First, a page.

Culture and Communication

April 20, 2021

Last week I had the opportunity to see two highly skilled, highly successful executives – both of whom have a history of effective communication – unravel and devolve into a shouting match during a conversation around the issues of gun rights and  gun control. The term one chooses to use is often associated with one’s political position, so I will use both here as the GR/GC issue. Why? Because this terminology issue is just one example of how communication can divide rather than unite people.  This is true for both the culture in our businesses, as well as in our culture writ large or our society.

How do we begin to unify our people – whether it pertains to  staff changes in our company or in our society? As Gandhi said, “We must be the change we want to see in the world.”  Equally, we must be that change.  To me, this means we must be willing to behave in a way that we would also like to see others demonstrate.  If we want better communication among people, we must start with our own communication with others. We must consider how it is heard and perceived by others, and how it affects them.  How do we do that?

Step 1:  Suspend judgment.  Assume benign intent.  Most of us have very strong opinions about issues that are emotionally charged to us.  GR/GC is just one of them. When we enter into a conversation with someone with a differing view, our judgment of their perspective – or even our judgment of them as a person – comes screaming out of us.  The person with the opposing view is often vilified, dehumanized, and/or seen as an enemy. This is often true in our own words, tone, and/or body posture. Most people think they can “hide” what they actually think and feel about a topic, but our body betrays us.  We may think, “This person is such a ___.” Fill in the blank with any disparaging word you can think of. We’ve likely all had this thought or feeling about another human being when they were speaking in a way that diverged from our fundamental beliefs. A key emotion I like to look for: “righteous indignation.”  It reflects a lack of empathy for the person articulating a diverging point of view. If you begin by suspending judgment about the person and their beliefs, you create a space for you to move on to step 2.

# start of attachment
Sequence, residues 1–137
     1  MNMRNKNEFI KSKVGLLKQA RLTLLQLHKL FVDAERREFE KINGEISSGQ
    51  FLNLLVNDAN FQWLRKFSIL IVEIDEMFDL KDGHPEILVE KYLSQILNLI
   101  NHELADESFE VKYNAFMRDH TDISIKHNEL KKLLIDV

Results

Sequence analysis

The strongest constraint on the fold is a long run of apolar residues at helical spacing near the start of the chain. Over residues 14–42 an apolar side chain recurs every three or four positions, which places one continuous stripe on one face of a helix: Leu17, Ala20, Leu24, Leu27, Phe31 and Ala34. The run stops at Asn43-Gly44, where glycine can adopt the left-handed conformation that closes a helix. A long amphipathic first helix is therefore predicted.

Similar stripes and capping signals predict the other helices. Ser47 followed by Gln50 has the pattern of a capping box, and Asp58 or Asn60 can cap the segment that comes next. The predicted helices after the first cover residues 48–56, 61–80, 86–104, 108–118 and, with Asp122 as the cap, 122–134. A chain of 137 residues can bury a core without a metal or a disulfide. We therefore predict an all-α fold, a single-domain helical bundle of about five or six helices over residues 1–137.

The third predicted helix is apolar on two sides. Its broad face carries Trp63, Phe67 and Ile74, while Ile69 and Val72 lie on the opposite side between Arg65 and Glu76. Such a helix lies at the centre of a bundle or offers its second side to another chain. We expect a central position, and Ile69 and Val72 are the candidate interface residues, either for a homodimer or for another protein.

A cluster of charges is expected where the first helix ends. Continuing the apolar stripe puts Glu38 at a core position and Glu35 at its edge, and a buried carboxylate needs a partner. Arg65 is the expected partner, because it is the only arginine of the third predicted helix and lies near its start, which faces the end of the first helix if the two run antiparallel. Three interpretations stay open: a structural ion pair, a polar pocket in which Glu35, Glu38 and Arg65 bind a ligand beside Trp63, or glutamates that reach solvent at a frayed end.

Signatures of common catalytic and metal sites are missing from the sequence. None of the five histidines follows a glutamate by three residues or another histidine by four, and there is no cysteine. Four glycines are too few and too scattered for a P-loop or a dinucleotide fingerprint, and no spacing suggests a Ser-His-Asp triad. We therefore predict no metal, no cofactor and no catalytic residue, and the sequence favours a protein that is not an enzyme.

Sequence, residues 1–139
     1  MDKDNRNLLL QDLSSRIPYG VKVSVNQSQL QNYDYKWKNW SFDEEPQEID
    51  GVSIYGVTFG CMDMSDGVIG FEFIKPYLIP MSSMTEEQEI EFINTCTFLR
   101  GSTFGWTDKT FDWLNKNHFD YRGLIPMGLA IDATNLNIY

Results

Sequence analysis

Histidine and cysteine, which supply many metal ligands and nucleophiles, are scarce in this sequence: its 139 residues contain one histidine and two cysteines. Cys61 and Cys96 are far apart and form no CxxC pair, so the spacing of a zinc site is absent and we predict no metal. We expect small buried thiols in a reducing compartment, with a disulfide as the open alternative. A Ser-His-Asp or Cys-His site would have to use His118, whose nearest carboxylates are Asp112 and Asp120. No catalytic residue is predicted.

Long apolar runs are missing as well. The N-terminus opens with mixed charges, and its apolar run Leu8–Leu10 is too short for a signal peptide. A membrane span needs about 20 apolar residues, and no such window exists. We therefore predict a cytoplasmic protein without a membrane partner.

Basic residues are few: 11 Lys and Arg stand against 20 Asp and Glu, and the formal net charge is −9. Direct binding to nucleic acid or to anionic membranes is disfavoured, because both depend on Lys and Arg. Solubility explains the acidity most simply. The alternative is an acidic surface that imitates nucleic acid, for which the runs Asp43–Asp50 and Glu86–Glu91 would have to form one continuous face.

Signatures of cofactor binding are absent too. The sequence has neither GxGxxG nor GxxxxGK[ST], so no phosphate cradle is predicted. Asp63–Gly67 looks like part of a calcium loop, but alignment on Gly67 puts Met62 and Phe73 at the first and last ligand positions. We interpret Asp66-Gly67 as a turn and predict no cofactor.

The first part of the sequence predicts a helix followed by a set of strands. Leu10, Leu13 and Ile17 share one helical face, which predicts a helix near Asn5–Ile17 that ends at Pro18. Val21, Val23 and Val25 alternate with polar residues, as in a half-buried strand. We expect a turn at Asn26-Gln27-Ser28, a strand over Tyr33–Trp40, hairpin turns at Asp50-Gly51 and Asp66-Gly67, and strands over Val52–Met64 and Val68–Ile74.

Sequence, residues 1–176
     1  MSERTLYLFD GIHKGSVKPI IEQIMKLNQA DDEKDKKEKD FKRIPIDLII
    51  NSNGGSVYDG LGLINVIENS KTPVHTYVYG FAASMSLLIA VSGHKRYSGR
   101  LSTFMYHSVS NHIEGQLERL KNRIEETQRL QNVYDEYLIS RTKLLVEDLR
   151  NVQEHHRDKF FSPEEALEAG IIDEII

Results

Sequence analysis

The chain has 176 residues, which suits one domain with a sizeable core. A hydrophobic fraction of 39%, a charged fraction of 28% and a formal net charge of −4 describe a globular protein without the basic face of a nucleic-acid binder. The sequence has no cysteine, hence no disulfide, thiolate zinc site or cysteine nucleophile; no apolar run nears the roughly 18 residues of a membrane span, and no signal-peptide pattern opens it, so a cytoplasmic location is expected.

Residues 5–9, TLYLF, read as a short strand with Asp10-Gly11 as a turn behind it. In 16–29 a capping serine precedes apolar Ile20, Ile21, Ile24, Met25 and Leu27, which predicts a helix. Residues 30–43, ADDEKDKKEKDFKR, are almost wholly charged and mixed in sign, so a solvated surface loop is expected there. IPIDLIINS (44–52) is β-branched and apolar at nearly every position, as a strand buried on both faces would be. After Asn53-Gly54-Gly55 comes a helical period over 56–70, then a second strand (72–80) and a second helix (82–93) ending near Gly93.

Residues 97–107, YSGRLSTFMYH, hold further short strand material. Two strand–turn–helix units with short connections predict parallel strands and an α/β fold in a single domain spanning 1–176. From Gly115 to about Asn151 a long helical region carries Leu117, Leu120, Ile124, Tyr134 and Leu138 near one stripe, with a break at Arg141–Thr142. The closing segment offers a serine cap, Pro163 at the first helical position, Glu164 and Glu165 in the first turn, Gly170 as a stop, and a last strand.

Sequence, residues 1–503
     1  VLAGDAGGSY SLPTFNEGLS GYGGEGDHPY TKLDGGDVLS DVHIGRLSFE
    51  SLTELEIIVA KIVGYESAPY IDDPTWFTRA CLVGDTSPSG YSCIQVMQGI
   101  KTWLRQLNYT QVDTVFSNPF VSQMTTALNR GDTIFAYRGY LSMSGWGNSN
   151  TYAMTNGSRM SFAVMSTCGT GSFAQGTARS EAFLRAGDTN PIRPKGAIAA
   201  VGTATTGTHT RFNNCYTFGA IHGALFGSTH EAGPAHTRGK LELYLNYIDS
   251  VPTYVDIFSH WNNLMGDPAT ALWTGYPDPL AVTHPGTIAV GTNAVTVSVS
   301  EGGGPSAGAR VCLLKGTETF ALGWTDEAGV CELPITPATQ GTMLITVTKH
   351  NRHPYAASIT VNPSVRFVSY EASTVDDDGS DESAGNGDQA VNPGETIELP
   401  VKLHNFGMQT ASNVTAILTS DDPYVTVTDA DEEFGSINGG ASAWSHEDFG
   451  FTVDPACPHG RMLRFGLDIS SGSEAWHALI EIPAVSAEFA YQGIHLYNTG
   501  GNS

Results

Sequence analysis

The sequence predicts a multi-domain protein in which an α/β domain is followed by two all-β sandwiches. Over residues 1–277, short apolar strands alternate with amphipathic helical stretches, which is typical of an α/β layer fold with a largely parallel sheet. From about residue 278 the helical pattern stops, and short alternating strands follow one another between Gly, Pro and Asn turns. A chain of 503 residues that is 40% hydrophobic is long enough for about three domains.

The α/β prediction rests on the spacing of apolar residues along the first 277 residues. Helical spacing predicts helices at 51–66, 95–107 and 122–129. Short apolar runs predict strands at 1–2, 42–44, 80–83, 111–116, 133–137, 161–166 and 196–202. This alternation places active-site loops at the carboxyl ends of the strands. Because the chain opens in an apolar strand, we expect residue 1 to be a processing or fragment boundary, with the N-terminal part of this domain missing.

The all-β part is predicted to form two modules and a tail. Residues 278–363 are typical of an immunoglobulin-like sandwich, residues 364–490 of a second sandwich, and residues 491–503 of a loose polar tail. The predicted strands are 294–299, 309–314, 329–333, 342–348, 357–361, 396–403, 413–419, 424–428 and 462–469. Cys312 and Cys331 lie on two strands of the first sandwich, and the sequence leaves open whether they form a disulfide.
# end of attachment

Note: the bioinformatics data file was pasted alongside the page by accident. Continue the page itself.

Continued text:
Step 2:  Listen to understand.  This means using active listening skills, like reflection.  Rather than just asking questions to try and prove that the other person wrong and you are right, reflect the content of what they share and the emotion they are experiencing in the moment.  The key here is that if you are listening to understand, you are not formulating an answer while they are speaking.  What? You thought you were the only person that did that?

Step 3.  Empathize.  Sympathy is understanding the feelings of others.  You can understand and be concerned for another, as an observer.  Empathy is experiencing the emotion that they experience, as a participant.  It is genuinely “feeling what others feel,” not just understanding it.  Empathy requires great energy on the part of the listener. It is this expenditure of energy that informs us of how others are being affected by our behaviors.  If your behaviors are harming others, professionally or personally, wouldn’t you want to know? Our ability to empathize, more than any words that are spoken, provide us with that information.

Step 4.  Hold space.  Take a breath.  After you’ve empathized with the other person, breathe, consider what you have just heard and felt, and begin to formulate your response.  This will help you with your thinking process, and also with constructing a response to the other person’s thoughts and emotional state.  What many people don’t realize is that human beings seem to naturally push back when opposed – almost reflexively.  Many ideas are like small embers in kindling wood. They need oxygen to feed the embers so that they can grow into a flame.  Too often, it is our opposition to a point of view, without empathy, that serves as the oxygen for a fire of an idea that would have suffocated without us giving it oxygen.

I’ve used these four steps to help people communicate more effectively, as leaders and as humans.  Try them and let me know what you think.

Let’s cultivate our culture – together!

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